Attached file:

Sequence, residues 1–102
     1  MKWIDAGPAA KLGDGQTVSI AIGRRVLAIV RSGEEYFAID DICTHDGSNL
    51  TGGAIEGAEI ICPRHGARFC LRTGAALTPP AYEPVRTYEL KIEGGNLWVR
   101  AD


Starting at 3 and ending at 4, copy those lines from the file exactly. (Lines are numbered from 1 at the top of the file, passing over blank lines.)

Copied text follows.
    51  TGGAIEGAEI ICPRHGARFC LRTGAALTPP AYEPVRTYEL KIEGGNLWVR
   101  AD